2 2198 AIRES DE SOUSA ET AL. J. CLIN. MICROBIOL. TABLE 1. Clinical institutions that provided the 499 S. aureus isolates Country (total no. of isolates) City Hospital code a Specialty b No. of beds No. of isolates Isolation date (yr) Argentina (89) Buenos Aires 1 Pediatrics Buenos Aires 2 Cardiology Buenos Aires 3 Community/university Brazil (162) São Paulo 4 Community São Paulo São Paulo São Paulo São Paulo São Paulo Chile (118) Santiago 10 Military Santiago 11 Public/university Santiago 12 Public/university Santiago 13 Community Santiago 14 Public/university Santiago 15 Public/university Puerto Montt 16 Public Uruguay (102) Montevideo 17 Community/university Montevideo 18 Public Montevideo 19 Public Montevideo 20 Public/pediatrics Young, Rio Negro 21 Public Mexico (28) C. de Mexico 22 Pediatrics a Hospital code: 1, Hospital de Pediatría Prof. J. P. Garrahan ; 2, Inst, Univ. de Ciencias Biomedicas, Fundación Favaloro; 3, Centro de Educacion Médica e Investigaciones Clínicas Dr. N. Quirno ; 4, Casa de Saúde de Santa Marcelina; 5, Hospital Infantil Darcy Vargas; 6, Centro de Referência e Treinamento em AIDS; 7, Santa Casa; 8, Hospital Universitario; 9, Hospital Geral São Mateus; 10, Hospital Fach; 11, Hospital Sotero del Rio; 12, Hospital Felix Bulnes; 13, Hospital de Castro; 14, Hospital Barros Luco Trudeau; 15, Hospital, San Borja Arriaran; 16, Hospital de Puerto Montt; 17, Hospital Clinicas; 18, Hospital Pasteur; 19, Maciel Hospital; 20, HPR Children Hospital; 21, Young Hospital; 22, Hospital de Pediatria CMN Siglo XXI. b, data not available. fections increased approximately 5% in Latin America over the 1-year period from 1997 to 1998 (11). In a more recent study performed under the CEM/NET Initiative, Project RESIST, we have shown that marked geographic variation in multiresistance patterns exist among MRSA isolated in 6 countries of South America (Colombia, Argentina, Brazil, Chile, Mexico, and Uruguay) (32). The molecular typing performed with the MRSA strains from Colombia has been previously reported (15). The aim of the present study was to assess the current MRSA clonal types responsible for nosocomial infection in 22 medical centers of the other five Latin American countries: Argentina, Brazil, Chile, Mexico, and Uruguay. MATERIALS AND METHODS Participating institutions. Twenty-two clinical institutions from five Latin American countries Argentina, Brazil, Chile, Uruguay, and Mexico participated in this study. The institutions provided isolates recovered in different periods of isolation, 1, 2, or 3 years, within the period from 1996 to The names and locations of the hospitals included in this study, their specialty, their size, the number of strains recovered from each institution, and the year of collection are listed in Table 1. Bacterial isolates. A total of 499 isolates previously identified as MRSA by the collaborating centers 28 from Mexico, 89 from Argentina, 102 from Uruguay, 118 from Chile, and 162 from Brazil collected during a 3-year period (1996 to 1998) were analyzed in this study. A common specimen sheet with information concerning the origin of each isolate was provided by the collecting centers. The information included not only demographic data, such as patient name, gender, date of birth, immunodeficiency, origin (nosocomial or community), clinical service, and hospitalization in intensive care unit (ICU) but also specimen data such as the date of collection and the source. The majority of the isolates (81%) were responsible for infection, and all were consecutively recovered from single patients from various sources: 35% from respiratory sources, 25% from wound, 25% from blood, 8% from abscess, 2% from urine, and 5% from other nonspecified sources. The Mexican isolates were mainly from blood (57%), while the Chilean isolates were predominantly from wounds (52%). All isolates were identified at the collaborating institutions and sent to the central laboratory, i.e., the Laboratory of Molecular Genetics located at Instituto de Technologia Química e Biológica da Universidade Nova de Lisboa (ITQB/UNL), Oeiras, Portugal, for pheno- and genotypic characterization. Demographic information. Globally, 51% of the isolates were recovered from adults, 29% from elderly individuals (over 65 years old), and 20% from children (under 12 years old). However, hospitals from Mexico and Argentina provided predominantly isolates from children (100 and 44%, respectively), in contrast to Uruguay and Brazil, where only 3 and 7% of the isolates were from patients under 12 years old. The great majority of the isolates (85%) were recovered from inpatients hospitalized for more than 48 h, out of which 44% were in ICUs. The patients were hospitalized or treated in different clinical services: 48% in medicine, 25% in surgery, 17% in pediatrics, 1% in gynecology, and 9% in other services. Eleven percent of the isolates were from immunocompromized patients. Control strains. S. aureus ATCC and Escherichia coli ATCC were included in the assays for quality control of susceptibility testing. The partially dalfopristin- and quinupristin-resistant S. aureus clinical isolates Syn1 and Syn25 (provided by Rhône-Poulenc Rorer, S.A.) were included as quality control strains in the determination of dalfopristin-quinupristin susceptibility testing. S. aureus ATCC and S. aureus PC3 (34) were used as controls in the vancomycin resistance screen assay. Reference strains for ClaI-mecA and Tn554 patterns and representative strains used to compare the pulsed-field gel electrophoresis (PFGE) profiles were from the MRSA strain collection of the Laboratory of Molecular Genetics at ITQB/UNL. Control strains for ClaI-mecA patterns were HPV107 (pattern I) (33), BK71 (II), RN7164 (III), RN6322 (V) (17), PER168 (IX) (12), HU25 (XI) (2, 35), and PL48 (XX) (18). Control strains for ClaI-Tn554 patterns were RN7178 (pattern A), BK798 (AA), RN7174 (B), RN7538 (M) (17), HPV107 (E) (33), POL2 ( ) (18), and ITA33 ( ) (19). Control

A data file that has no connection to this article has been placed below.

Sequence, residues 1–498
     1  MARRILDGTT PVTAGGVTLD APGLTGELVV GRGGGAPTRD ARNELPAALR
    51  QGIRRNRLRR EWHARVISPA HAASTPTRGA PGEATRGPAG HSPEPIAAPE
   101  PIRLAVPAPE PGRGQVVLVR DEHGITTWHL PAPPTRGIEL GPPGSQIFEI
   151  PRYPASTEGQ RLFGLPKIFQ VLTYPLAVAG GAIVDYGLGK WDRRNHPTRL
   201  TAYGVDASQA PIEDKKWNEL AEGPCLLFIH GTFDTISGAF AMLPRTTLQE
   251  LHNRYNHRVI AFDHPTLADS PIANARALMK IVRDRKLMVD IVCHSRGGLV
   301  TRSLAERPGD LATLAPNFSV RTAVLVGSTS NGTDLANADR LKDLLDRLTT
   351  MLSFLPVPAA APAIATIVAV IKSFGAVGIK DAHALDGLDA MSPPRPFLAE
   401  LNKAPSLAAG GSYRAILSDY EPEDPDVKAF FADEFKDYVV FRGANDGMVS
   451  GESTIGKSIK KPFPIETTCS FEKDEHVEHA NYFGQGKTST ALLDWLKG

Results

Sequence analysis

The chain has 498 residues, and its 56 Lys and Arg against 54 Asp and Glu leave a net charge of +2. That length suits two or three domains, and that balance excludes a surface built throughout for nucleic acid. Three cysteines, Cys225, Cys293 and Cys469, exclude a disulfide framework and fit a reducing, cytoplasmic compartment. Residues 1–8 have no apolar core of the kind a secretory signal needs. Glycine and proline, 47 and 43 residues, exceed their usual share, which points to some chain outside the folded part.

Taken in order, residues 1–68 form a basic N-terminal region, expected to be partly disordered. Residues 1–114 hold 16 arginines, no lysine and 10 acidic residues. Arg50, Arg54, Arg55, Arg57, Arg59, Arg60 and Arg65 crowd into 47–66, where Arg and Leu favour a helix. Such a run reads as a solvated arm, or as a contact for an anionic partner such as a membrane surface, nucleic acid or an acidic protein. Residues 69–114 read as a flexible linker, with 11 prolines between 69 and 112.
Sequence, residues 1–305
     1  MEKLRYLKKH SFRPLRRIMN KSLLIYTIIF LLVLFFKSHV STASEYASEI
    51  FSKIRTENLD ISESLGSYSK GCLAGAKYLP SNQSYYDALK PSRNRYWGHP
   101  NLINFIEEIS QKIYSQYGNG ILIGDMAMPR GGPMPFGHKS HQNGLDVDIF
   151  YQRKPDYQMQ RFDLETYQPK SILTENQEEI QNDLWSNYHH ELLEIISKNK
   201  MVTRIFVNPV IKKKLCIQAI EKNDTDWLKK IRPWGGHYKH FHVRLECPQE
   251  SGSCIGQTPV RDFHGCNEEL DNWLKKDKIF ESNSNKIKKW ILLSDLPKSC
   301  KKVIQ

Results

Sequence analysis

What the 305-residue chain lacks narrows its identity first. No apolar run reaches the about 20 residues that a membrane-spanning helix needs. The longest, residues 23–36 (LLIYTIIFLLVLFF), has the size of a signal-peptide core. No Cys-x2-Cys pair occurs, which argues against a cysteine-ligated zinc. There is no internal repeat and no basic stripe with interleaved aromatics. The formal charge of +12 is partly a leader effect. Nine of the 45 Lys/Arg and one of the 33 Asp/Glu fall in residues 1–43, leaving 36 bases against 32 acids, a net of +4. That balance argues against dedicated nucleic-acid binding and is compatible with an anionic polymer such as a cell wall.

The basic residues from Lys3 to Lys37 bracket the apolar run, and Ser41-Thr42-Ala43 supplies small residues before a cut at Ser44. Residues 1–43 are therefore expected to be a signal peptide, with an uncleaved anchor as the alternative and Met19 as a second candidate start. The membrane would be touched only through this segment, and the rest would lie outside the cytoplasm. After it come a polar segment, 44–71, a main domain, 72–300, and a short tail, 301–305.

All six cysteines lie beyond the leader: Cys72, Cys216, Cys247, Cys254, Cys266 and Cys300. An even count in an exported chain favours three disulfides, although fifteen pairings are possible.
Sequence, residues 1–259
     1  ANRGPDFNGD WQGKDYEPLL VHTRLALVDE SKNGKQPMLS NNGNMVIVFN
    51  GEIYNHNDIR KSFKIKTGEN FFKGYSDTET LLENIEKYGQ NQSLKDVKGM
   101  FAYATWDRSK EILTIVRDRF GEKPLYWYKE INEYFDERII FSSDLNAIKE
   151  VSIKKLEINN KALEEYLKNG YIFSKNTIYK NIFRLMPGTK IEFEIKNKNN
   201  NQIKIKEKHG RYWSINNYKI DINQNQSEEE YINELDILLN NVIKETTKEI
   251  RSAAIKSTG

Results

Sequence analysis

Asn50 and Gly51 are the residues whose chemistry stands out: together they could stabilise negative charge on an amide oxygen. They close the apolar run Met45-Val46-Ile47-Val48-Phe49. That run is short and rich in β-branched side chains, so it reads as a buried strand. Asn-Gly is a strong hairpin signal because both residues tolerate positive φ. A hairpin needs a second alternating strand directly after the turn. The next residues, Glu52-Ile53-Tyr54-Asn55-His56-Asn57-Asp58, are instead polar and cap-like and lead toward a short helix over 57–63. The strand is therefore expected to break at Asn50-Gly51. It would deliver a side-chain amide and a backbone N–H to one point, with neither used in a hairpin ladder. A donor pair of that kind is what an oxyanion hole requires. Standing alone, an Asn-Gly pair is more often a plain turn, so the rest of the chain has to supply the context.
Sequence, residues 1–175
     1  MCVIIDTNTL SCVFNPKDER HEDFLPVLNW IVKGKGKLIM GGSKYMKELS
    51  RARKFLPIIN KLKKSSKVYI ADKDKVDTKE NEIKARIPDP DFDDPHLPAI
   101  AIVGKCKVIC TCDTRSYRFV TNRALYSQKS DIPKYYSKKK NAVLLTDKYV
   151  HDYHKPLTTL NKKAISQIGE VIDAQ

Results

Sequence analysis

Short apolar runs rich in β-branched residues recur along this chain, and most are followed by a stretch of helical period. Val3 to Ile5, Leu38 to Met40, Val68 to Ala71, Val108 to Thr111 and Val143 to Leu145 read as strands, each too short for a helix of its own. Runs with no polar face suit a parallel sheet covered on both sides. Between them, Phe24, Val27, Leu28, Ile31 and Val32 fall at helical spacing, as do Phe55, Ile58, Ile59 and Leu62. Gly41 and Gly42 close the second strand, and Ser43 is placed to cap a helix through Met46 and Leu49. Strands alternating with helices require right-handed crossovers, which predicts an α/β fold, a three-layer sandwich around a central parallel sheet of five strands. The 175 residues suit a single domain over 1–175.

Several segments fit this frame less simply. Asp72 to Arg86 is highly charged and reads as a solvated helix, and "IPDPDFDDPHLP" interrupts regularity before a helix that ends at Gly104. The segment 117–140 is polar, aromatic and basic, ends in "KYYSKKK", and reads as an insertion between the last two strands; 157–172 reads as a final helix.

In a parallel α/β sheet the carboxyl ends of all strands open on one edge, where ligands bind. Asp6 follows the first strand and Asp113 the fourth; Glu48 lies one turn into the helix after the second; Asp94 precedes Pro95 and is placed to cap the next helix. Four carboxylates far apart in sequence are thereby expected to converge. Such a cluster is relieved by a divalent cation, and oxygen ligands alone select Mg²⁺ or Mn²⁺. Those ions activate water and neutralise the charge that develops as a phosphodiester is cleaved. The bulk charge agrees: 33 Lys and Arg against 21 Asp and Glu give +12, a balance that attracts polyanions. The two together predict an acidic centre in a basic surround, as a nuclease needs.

3 VOL. 39, 2001 MRSA CLONES IN LATIN AMERICA 2199 FIG. 1. ClaI-Tn554 patterns identified among the Latin American strains. Patterns A, B, E, AA, M (17), (18), B (7), and (19) were previously described. Patterns E,, MM, NN, OO, PP, and QQ correspond to novel patterns described in this study. Lanes 1 and 17, molecular weight markers, 1-kb ladder; lane 2, AGT55 (pattern E); lane 3, CHL5 (pattern E ); lane 4, CHL1 (pattern ); lane 5, AGT115 (pattern A); lane 6, AGT84 (pattern M); lane 7, BRA131 (pattern AA); lane 8, URU105 (pattern B); lane 9, URU149 (pattern B ); lane 10, AGT27 (pattern PP); lane 11, AGT8 (pattern QQ); lane 12, BRA135 (pattern MM); lane 13, BRA145 (pattern NN); lane 14, BRA162 (pattern OO); lane 15, CHL18 (pattern ); lane 16, CHL113 (pattern ). strains for comparison of PFGE patterns were representatives of the Iberian clone HPV107 (33), the Brazilian clone HU25 (35), the Pediatric clone HDE288 (29), COB5 (15), the Archaic clones E2125 and E2213 (7), and the New York- Tokyo clone JP1 (1), as well as representatives of clonal types found in other countries, including Poland (POL1 [18]), PLN49 (R. Alves et al., unpublished results), Argentina (ARG33 [4]), Turkey (TUR5 [S. Kocagoz et al., unpublished results), Hungary (HUR24 [22]), Greece (GRE5 [I. Spiliopoulou et al., unpublished results), and Italy (ITL262 and ITL370 [R. Mato et al., unpublished results). Antimicrobial susceptibility testing. Susceptibility to 12 antimicrobial agents (penicillin, oxacillin, trimethoprim-sulfamethoxazole, ciprofloxacin, chloramphenicol, clindamycin, erythromycin, gentamicin, rifampin, tetracycline, vancomycin, and teicoplanin; Oxoid, Basingstoke, Hampshire, England) was confirmed at the central laboratory by disk diffusion according to the National Committee for Clinical Laboratory Standards guidelines (21). Susceptibility to dalfopristinquinupristin (provided by Rhône-Poulenc Rorer, S.A.) was evaluated by the agar dilution technique as previously described (32). Expression of oxacillin resistance. The mode of expression of oxacillin resistance was tested by population analysis profiles (PAPs) by using cultures grown overnight in tryptic soy broth (Difco, Oxoid, Hampshire, United Kingdom) (8, 9). Twenty isolates representative of the three major clonal types found in this study were tested. Strains were assigned to phenotypic expression classes on the basis of the oxacillin MIC that was arbitrarily defined as the lowest concentration of the antibiotic that prevented the appearance of 99.9% of bacterial colonies (39). Vancomycin agar screen. Detection of vancomycin-resistant S. aureus (VRSA) strains was done by vancomycin agar screen. A suspension of cells from a 20- to 24-h tryptic soy agar plate (Difco) was prepared in sterile water to a turbidity equivalent to that of 0.5 McFarland standard. Ten microliters of the inoculum FIG. 2. (A) SmaI PFGE patterns of the major MRSA clones found in five countries of Latin America (Argentina, Brazil, Uruguay, Chile, and Mexico). Lanes 1 and 18, lambda ladder; lanes 2, 10, and 17, NCTC 8325; lanes 3 to 7 and 11, representatives of the Brazilian clone: lanes 3 and 11 (HU25, XI::B::B, Brazil [35]), lane 4 (BRA10, XI::B::B, Brazil), lane 5 (AGT35, XI::B::B, Argentina), lane 6 (URU1, XI::B ::B, Uruguay), lane 7 (CHL1, XI:: ::B, Chile). Lane 8, representative of the Chilean clone (CHL93, II::E ::F, Chile). Lane 9, representative of the Mexican clone (MEX58, I::NH::M, Mexico). Lanes 12 to 16, MSSA strains from Argentina: ARG38, ARG102, ARG110, ARG111, and ARG119, respectively. (B) SmaI PFGE of Fig. 2A hybridized with a meca probe. (C) SmaI PFGE of Fig. 2A hybridized with a Tn554 probe.